For fans of syrupy love-themed Korean dramas, your dream musical is here once again.
Set in an intimate 359-seat hall, packed with humor and armed with a charismatic cast, “Caffeine” is set for another successful run on its hands, its third in two years.
Odd beverage-themed analogies, overly quick narrative jumps and forgettable opening numbers notwithstanding, the work makes it to the end in one piece, thanks to the easy-to-understand plot and the onstage couple’s inspired acting, singing and chemistry. The result is a light-hearted movie-like spectacle, an entertaining experience to be sure but without lasting impact.
“Caffeine” starts with Kim Se-jin, alternated by Yoon Gong-joo and Kim Ji-hyun, a 30-something female barista unlucky in love ― “the perennial second girl from the end,” or the last fling before the guys get married to someone else ― who is again turned down by a boyfriend. She avoids facing the music by working 15 hours a day, devoted only to work and sleep ― and nothing else. When her boss tries to spice up the joint by serving wine and thus hiring a handsome sommelier Kang Ji-min (played by Kim San-ho and Jung Sang-hoon), Se-jin becomes fixated on protecting her territory.
When Ji-min tampers with her most cherished property, her blackboard writings about the different interpretations of love, she waits for the moment to avenge this wrongdoing. As their shifts do not overlap, the sommelier decides to pull a prank; he shows up during her working hours and seduces her under a fictitious identity Jung-min. When she storms into the cafe during his shift the next day to confront the real Ji-min, he panics and disguises himself. He further develops his joke by becoming her confidant, advising her on a dating strategy with his other self.
Predictably, they fall in love; she falls right into the trap. When his deception is revealed, they briefly part ways. But the sorrow lasts about five minutes before they reunite for the final duet and the curtain call.
This sort of leap within the main plot is too choppy, which is ultimately the biggest problem of “Caffeine.” It is hardly a natural progression, for instance, that Ji-min would go to such lengths to avoid the confrontation with Se-jin because he would not know the great personal significance the blackboard has for her. The audience seemed perfectly happy to overlook these mistakes for the sake of fast-paced entertainment.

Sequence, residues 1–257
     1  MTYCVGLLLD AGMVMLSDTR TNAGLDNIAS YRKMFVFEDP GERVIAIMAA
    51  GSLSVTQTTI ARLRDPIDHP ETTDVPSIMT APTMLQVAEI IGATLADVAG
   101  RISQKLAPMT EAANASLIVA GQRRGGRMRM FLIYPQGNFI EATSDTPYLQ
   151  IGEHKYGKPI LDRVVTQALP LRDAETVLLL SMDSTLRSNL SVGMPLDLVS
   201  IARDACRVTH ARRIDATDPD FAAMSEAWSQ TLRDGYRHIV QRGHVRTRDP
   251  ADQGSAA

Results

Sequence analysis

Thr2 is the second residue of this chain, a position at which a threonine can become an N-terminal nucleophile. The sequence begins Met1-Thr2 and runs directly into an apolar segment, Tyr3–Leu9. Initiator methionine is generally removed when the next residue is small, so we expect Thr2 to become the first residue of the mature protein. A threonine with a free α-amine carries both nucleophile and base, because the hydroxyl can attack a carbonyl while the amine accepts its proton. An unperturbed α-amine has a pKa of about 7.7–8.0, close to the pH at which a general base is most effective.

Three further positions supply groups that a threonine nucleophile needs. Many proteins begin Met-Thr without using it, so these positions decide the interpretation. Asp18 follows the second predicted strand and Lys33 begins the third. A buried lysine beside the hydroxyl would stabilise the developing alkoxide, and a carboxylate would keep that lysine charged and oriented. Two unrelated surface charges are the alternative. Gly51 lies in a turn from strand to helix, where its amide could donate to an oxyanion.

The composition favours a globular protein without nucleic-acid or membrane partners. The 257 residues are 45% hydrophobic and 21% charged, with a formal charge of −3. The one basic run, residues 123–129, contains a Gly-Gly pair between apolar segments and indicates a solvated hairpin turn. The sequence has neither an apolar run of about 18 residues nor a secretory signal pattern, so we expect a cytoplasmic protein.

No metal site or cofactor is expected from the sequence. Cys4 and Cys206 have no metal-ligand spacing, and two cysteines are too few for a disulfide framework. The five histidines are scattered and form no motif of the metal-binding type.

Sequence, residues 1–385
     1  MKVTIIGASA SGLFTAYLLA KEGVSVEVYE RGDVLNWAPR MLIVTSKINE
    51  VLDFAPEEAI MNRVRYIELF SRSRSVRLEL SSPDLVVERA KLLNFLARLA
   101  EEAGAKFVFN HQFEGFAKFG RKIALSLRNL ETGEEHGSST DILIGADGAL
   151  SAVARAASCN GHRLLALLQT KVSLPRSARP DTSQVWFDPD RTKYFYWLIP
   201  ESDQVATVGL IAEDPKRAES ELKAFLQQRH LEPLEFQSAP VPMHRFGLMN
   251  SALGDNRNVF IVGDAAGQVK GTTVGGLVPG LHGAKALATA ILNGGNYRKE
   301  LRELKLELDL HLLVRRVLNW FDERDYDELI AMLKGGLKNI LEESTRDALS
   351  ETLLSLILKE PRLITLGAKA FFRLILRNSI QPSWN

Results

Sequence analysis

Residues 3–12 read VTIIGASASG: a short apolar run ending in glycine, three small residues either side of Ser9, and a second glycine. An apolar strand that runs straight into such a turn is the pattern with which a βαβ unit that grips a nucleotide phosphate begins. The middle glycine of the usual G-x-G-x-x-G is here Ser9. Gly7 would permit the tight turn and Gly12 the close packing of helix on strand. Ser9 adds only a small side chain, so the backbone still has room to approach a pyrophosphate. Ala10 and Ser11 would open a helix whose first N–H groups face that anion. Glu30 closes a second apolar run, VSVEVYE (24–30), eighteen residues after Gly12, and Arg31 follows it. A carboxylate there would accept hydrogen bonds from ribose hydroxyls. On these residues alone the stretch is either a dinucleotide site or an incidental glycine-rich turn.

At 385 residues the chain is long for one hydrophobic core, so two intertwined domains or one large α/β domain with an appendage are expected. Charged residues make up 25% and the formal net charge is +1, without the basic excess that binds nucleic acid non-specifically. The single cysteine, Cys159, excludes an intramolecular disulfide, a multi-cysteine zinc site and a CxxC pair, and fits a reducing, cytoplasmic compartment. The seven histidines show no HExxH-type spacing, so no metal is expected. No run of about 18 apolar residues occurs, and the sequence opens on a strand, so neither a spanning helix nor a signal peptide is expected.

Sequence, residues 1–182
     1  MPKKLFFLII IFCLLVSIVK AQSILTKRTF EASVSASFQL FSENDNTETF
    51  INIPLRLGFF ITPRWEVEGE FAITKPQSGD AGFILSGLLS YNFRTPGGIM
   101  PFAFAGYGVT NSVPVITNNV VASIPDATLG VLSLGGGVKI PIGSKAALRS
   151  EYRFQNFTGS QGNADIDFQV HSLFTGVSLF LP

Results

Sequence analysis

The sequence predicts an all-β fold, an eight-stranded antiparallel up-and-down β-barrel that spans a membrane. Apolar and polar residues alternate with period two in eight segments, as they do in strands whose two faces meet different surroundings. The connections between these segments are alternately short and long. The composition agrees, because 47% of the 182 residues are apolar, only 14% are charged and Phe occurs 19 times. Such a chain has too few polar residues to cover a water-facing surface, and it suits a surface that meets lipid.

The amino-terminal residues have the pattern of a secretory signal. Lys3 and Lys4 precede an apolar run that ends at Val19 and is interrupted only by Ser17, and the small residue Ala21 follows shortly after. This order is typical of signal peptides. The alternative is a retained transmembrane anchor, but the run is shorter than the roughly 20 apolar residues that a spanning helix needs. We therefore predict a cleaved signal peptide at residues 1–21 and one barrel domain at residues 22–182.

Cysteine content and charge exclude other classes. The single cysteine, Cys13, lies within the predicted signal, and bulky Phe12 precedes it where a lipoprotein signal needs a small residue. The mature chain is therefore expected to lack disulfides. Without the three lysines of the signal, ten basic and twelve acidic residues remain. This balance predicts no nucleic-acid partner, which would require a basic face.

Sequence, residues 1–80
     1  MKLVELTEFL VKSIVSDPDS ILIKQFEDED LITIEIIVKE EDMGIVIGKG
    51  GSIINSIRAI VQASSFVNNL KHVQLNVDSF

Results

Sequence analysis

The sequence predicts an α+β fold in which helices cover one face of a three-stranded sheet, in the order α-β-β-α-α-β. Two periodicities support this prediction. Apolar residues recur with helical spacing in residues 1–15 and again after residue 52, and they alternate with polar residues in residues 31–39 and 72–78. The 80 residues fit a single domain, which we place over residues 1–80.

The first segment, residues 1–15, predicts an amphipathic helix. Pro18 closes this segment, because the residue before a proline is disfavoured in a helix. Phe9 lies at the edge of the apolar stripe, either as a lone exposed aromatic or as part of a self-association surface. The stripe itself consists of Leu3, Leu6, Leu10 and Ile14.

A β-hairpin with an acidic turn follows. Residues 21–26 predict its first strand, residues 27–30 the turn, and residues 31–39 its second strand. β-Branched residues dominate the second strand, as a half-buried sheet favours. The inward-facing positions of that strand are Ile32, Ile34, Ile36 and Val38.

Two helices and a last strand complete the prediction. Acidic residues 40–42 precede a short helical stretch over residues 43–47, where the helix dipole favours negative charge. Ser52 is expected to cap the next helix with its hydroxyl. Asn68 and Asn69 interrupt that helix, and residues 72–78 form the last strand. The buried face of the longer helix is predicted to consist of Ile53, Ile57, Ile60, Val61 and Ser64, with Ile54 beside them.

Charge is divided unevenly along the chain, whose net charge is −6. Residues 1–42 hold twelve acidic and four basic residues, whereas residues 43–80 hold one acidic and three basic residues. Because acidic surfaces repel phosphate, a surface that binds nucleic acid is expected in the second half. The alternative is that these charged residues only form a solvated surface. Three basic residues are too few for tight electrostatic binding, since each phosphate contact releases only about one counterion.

The loose chain of events comes as a surprise for a piece of work by local musical theater stars, lyricist Seong Jae-joon and composer Kim Hye-in. Seong also served as director. It must be said that the opening numbers by the two stars, separately, left something to be desired. Ji-min’s comparisons of women’s body shapes to a bottle of Bordeaux wine probably topped the list of cringe-worthy lines because it is a forced symbolism that just does not work. One could not imagine a less flattering compliment for a woman than being compared to a rather flat-shaped bottle.
Members of the particular audience at last Saturday’s matinee show, the great majority of which were women in Se-jin’s age group, did not mind at all, however, because the lead actors, Yoon (Mimi in “RENT,” and Ophelia in “Hamlet”) and Kim San-ho (Danny in “Grease”) were able to fill the cozy room with ample charm.
Especially Kim, who has built his fame and box-office power on a low-brow cable-TV reality series “Rude Miss Young Ae,” is a hidden gem, with uncanny magnetism and panache to develop a great career. His nimble movements, despite a very tall stature, were impressive and his singing, which has room to grow, was adequate. Yoon, with many leading roles under her belt, shone with her vocal ability and dramatic acting. It was a pity that her mostly one-dimensional character did not allow her to show off her true depth ― of which there were a few, greatly appreciated glimpses.
Veteran actor Jung Sang-hoon and promising actress Kim Ji-hyun play Ji-min and Se-jin, respectively, on alternate nights.
This is the third time the local production has been staged, this time by CJ E&M. After the first two well-received runs in 2010, it toured Japan. In previous promotions, it used the different English, spelling “Cafe-in.”
“Caffeine” continues through April 8 at the Culture Space NU in Daehangno central Seoul, Tickets cost 40,000 to 50,000 won. For more information, call 1577-3363.